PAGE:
Her phone chirped and she picked it up. A text message read: Where are you? See you at home!          John parked and went in through the conservatory door. The sun was low enough to cut diagonally across the room, leaving a slice of orange light leading from the floor up to the interior door that led to the kitchen.

Gillian arrived half an hour later, the sun setting through the trees, and the sound of waves bristling against the distant coast. Her old Volkswagen fit neatly between the garage and John’s slovenly parked Audi. John was asleep on the couch, today’s copy of the Sarnia Herald folded open and balanced on his chest.

August 27th, 7.17am

The sun climbed higher that morning as Gillian rose. John lay still, asleep between the waves of their bedsheets.

She left the note in the kitchen beneath a stone figurine that they had received as a wedding gift. The note was short, could be read as brusque, but she didn’t want to run to more than half a page.

Snores percolated like coffee as she slipped her maroon travel bag out of its usual place in their walk-in closet and grabbed handfuls of clothes from the dresser drawer. Stuffing socks, underwear, then t-shirts and pants into the bag, she paused for a moment. If she had been expecting one last roll, a twist of limbs that signaled a disturbance in John’s sleep, she would have been disappointed.

August 27th, 10.12am

Tires were screeching around the coastal roads of Sarnia, roads that were just the ragged edge to the Sarnian soil. Gillian was high above. From this distance, the island always seemed so idyllic, a misty antique, something to be preserved for the future. She lay her head against the airplane window and she sensed a gust of air colliding in a spiral with the plane’s propellers. The island shrank away from her, a patchwork of fields interrupted by the reflections of greenhouse roofs.

The airplane tilted left and into the clouds. Gillian stared out, glimpsing between the white wisps a congregation of cars and people on a coastal road, blue lights and more piercing red ones flashing at the scene of some accident or crime. Who said nothing ever happened in Sarnia? she said to herself.

Her stomach lurched, the clouds enveloped the airplane, and suddenly the island disappeared.

* * * * *

DLR likes writing for fun, and writing for money. He likes his dogs to have beards, and his bourbon to have poise. He is editor and cofounder of Dr. Hurley’s Snake-Oil Cure, and his other Snake-Oil can be found here.

Dr. Hurley’s Digest, Vol. III, Issue 4

Great new fiction, photography, and poetry from some classy Snake-Oilers this week. Check out what you missed below.

 

Monday – Photography

Wednesday – Fiction

Friday – Poetry

 

More to come soon! Watch this space.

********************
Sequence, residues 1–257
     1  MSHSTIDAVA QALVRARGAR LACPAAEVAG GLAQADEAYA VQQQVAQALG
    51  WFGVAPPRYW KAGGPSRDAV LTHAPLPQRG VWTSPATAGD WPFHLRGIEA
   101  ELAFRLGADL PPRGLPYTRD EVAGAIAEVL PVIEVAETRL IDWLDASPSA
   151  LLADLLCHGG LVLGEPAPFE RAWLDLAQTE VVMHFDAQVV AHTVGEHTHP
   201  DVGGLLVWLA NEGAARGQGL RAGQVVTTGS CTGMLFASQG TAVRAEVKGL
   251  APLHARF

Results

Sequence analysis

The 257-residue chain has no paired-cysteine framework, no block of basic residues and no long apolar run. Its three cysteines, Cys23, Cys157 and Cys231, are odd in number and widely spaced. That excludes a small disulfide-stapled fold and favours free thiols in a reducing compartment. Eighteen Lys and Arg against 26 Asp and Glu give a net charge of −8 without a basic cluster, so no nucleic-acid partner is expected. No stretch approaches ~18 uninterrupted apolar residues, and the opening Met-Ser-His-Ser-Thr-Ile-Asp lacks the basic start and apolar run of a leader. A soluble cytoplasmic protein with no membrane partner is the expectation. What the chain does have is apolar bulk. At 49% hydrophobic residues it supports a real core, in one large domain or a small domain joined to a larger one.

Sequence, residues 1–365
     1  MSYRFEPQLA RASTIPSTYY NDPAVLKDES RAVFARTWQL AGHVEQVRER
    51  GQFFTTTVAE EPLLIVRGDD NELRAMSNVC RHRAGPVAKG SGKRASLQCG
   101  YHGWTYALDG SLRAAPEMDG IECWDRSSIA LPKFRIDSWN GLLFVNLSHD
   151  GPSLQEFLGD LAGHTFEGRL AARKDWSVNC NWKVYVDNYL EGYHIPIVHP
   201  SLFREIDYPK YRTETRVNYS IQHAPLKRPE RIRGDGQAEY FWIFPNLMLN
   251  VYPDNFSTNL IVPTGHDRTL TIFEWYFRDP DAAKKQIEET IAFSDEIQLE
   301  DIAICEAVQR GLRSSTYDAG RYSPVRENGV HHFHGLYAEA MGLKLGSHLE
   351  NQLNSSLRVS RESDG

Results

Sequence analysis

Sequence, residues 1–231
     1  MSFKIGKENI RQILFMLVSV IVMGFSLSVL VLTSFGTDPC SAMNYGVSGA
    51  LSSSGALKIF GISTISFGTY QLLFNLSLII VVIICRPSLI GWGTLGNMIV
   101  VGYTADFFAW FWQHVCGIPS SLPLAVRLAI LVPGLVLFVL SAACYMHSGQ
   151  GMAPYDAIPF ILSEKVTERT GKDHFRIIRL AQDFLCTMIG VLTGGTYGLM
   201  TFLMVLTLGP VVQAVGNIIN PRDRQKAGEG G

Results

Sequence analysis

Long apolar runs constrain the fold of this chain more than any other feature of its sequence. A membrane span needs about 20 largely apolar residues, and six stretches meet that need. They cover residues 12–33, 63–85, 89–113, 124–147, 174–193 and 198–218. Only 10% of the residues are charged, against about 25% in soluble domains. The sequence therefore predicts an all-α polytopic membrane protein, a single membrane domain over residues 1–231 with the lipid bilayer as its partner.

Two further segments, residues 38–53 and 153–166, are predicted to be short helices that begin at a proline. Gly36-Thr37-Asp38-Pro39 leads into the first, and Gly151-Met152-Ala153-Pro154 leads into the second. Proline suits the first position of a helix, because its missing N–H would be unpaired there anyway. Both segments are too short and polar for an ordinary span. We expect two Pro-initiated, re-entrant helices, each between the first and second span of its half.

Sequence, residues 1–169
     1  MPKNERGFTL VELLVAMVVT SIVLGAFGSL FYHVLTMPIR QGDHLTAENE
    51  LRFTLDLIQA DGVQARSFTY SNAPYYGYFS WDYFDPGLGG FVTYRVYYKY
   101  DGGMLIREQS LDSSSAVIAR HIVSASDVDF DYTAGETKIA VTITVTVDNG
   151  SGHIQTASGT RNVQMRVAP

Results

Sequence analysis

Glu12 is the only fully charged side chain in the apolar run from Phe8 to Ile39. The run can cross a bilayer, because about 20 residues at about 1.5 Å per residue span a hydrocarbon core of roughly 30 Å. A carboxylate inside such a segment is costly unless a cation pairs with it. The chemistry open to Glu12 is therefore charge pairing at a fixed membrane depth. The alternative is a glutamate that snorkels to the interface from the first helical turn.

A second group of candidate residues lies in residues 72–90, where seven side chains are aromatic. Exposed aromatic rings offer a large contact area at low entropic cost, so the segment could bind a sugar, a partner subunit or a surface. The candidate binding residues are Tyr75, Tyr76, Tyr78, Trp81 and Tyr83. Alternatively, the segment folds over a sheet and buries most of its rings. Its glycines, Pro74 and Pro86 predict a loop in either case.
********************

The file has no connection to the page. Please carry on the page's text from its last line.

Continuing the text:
Dr. Hurley’s Digest, Vol. III, Issue 3

Welcoming back Gaetan Vanparijs, as well as poets Donal Mahoney and David Mellor, we had a great week of classic Snake-Oilers. Check out what you missed below

Monday – Poetry

Wednesday – Art

Friday – Poetry

More next week from some newbies, as well as some more photography from Nicholas Bruno!

Dr. Hurley’s Digest, Vol. III, Issue 2

Many thanks to Michael Fitzgerald-Clarke for guest editing three whole weeks of Snake-Oil goodies. Here’s what you  missed this week:

 


Monday – Fiction

Wednesday – Poetry

Friday – Poetry

 

We’re back to our regularly scheduled programming as of Monday.

Dr. Hurley’s Digest, Vol. III, Issue 1

Welcome to Dr. Hurley’s Snake-Oil Cure’s third glorious year, guest edited for this and next week by Michael Fitzgerald-Clarke. Check out what he’s brought us below.

 


Monday – Fiction

Wednesday – Poetry

Friday – Poetry

 
Stay tuned for more from MFC next week!

Triumph

Luke Bestfor Natalie

Over the ridge,
down through the ravine
where the sky cannot see

and the goat tracks
hide their serrations,
there is a great

yawn of pasture.
I went there today
far from this monument.

I peeled myself
from this stiff bed
threw off sheets

fed them to flame
felt the fizz of motion
and ran and ran and ran.

* * * * *

An emerging poet from Toowoomba, Luke Best has held numerous atypical jobs such as Pest Controller and Postie and aspires towards a career as a Fireman. His poetry stems from an upbringing in his beloved Darling Downs and is based on regional idiosyncrasies found therein. A child of the 80s, he shares his birth year with influences like Sarah Holland-Batt and LK Holt. He was highly commended in the 2010 Thomas Shapcott prize.

This is his first contribution to Snake-Oil Cure

Guest-edited by Michael Fitzgerald-Clarke

Dr. Hurley’s Digest, Vol. II, Issue 52

The first of three guest-edited weeks gave us some great fiction and poetry, courtesy of guest editor Michael Fitzgerald-Clarke. Check out what you missed below.

 

Monday – Introduction

Wednesday – Fiction

Friday – Poetry

More from MFC this week and next, plus, today marks the beginning of Dr. H’s third year! Huzzah!